Louis Armstrong: “And you take- when I first joined Joe Oliver, 1922 in Chicago, see–well, I had been playing with Kid Ory’s band when he left New Orleans in 1918 with Jimmie Noone, the clarinet man. They went up, and I took Joe’s place, and finally he sent for me in 1922 to play second trumpet with him. And we start making records for the Gennett, and it shows you about the tonation, as I was explaining to you. My tone was so strong and I was a young boy there, twenty-two years old, you know, blowing, I was liable to blow the bulbs out of anything! Well, Joe, you know, he was getting up in age and he didn’t preserve his chops, well, not thinking of the days was coming to that extent, we just- in the early days, I’d notice how they’d just blow. Some of them would just hang around the Eagle Saloon all night, and then- and then, you know, get all full of that good whiskey to play them parades. And long about two or three o’clock in the afternoon, in that hot sun, some of them would drop dead- some of them cornet players, you know what I mean?”
Louis Armstrong: “So, I watched all that, and when I played this recording date with Joe Oliver for the Gennett the first time, they had to rearrange everything. Joe would be right in the mike with his trumpet and I had to stand waaaay at the door to play second trumpet. [LAUGHING] They blended, you know? So, this is a record here that I admire because it’s a beautiful thing and then, well, I’ll pat myself on the back because it was just a little, light solo, but I like the phrasing in it. This tune, ‘Chimes Blues,’ I thought it was very pretty.”
[CHIMES BLUES PERFORMED BY KING OLIVER’S CREOLE JAZZ BAND]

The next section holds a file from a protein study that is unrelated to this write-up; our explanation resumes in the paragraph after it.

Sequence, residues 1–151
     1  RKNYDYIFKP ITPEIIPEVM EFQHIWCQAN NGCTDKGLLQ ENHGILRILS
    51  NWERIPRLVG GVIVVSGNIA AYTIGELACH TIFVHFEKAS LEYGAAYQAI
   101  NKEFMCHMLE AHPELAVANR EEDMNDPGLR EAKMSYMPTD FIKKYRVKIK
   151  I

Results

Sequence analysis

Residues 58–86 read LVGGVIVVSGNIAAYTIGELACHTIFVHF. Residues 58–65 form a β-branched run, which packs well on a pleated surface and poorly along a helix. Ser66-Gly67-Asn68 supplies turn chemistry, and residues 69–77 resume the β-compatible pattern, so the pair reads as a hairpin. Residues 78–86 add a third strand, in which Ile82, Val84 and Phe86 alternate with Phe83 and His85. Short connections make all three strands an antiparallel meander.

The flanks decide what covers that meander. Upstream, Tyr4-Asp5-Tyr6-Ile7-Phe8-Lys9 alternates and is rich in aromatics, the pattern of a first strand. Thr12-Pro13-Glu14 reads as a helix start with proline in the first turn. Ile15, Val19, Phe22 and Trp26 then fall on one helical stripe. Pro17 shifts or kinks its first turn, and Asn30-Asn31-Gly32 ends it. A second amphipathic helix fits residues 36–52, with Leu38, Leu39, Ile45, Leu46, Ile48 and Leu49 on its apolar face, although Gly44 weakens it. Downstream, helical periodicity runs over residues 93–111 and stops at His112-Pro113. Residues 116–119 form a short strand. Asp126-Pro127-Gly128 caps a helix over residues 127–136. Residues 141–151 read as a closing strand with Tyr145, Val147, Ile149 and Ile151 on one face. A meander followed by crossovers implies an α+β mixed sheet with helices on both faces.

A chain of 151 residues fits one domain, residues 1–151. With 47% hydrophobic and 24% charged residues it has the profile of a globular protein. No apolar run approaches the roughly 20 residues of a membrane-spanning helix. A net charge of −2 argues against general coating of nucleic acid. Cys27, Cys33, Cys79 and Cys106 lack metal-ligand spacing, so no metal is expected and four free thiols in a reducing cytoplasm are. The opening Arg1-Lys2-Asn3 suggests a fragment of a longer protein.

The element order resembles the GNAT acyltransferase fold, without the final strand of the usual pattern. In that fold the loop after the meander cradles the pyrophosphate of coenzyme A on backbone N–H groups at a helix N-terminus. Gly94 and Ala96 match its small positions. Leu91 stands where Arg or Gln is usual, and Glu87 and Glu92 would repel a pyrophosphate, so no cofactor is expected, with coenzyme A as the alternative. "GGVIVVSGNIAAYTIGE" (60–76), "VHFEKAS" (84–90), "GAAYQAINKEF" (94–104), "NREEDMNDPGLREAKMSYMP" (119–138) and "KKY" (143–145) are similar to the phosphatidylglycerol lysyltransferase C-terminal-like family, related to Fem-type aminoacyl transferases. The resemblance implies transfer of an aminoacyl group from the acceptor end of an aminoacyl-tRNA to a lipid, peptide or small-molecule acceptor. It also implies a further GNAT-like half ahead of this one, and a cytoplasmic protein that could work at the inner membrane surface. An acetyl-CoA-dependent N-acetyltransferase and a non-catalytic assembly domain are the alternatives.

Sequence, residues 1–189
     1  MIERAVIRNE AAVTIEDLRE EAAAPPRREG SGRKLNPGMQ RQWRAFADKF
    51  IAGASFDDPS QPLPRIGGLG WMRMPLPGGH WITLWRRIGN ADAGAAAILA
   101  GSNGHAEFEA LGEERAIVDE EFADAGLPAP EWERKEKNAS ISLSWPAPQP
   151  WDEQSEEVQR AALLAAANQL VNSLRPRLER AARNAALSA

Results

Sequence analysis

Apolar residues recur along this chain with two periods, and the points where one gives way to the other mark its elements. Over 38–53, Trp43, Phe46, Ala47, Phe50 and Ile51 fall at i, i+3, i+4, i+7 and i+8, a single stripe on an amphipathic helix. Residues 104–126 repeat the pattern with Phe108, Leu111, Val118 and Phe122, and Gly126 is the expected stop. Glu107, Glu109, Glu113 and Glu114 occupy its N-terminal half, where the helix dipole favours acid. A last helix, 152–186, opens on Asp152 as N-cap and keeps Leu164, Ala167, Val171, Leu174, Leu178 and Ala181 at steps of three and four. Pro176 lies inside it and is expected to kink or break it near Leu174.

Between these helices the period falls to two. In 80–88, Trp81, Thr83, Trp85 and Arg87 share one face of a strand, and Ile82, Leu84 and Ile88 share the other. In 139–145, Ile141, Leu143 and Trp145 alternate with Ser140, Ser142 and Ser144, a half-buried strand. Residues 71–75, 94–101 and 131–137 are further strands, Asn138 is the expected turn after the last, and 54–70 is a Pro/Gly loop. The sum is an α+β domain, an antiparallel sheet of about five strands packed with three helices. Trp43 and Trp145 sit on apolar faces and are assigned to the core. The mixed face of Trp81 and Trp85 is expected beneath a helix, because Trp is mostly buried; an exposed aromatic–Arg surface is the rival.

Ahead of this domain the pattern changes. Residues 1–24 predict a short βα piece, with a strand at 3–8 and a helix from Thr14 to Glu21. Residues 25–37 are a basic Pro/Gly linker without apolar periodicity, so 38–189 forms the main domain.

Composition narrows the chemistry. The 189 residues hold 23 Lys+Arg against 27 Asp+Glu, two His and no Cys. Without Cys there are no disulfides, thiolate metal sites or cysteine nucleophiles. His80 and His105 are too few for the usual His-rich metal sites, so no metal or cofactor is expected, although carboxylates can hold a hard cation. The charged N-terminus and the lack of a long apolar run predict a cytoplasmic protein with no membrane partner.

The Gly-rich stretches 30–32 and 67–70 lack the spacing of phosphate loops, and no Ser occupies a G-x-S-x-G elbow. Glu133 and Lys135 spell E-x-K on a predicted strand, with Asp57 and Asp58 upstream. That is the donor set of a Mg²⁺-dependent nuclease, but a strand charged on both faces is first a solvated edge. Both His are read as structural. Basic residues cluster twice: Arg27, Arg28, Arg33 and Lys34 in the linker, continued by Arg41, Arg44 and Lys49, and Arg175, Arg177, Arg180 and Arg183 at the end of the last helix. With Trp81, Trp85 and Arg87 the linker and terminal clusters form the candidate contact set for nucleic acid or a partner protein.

Louis Armstrong: Yeah, that’s my first trumpet solo, I’d say, up north from New Orleans, because I had just joined as Joe Oliver’s as second trumpet man. And there was Joe Oliver and myself, Honore Dutrey on trombone, Baby Dodds on drums, and Johnny Dodds, clarinet. And Lil Hardin who, formerly, you know, was my wife, she was on the piano. And Bill Johnson, who was with Freddie Keppard in the first Dixieland band that traveled the R.K.O. circuit, he was on bass, you see? And we’d go down and make these records. And the one thing that I figured that Joe Oliver missed the boat–but like they said, the old timers, they wasn’t thinking about things, like these records would be noticed today or something like that or else he would’ve had a better idea, knowing that my tone was stronger than his, see? I would never play over Joe because that’s the respect I had for him, you know? But if he would’ve thought of it, he’d let me play the lead. You notice all these records, you hear more harmony [SCATS] because his lead was weak. That’s why I had to get back to the door to play the second when he should’ve put me to play the lead, knowing that I had that first chair tone. And it would still have been Joe Oliver’s records but bigger, you know? Everybody’s savvy, but we can understand that. Now, if Joe was along today, he would see that. Like, your big name leaders and things and somebody like, uh, we’ll say, for instance, Erskine Hawkins’s ‘Tuxedo Junction.’ That was a big hit, but there’s a man in the band that played the trumpet solo and made the record a hit, see? Well, I thought that was wise of him to do that. It’s still his record, see. And in my estimation, Joe Oliver missed the boat, to that extent. See? Because there’s several records like ‘Chimes Blues’ and some record I made called ‘My Heart,’ and it’s a swing tune and the harmony and all the background, everybody’s wailing, but you don’t know what the tune is because Joe’s lead is overshadowed. And that’s why the older records, you probably- you- you put them aside because you don’t hear the lead, see? The minute you walk into Decca studios, there’s a woman there, looking up saying, ‘Where’s the melody?’ You know? [LAUGHING]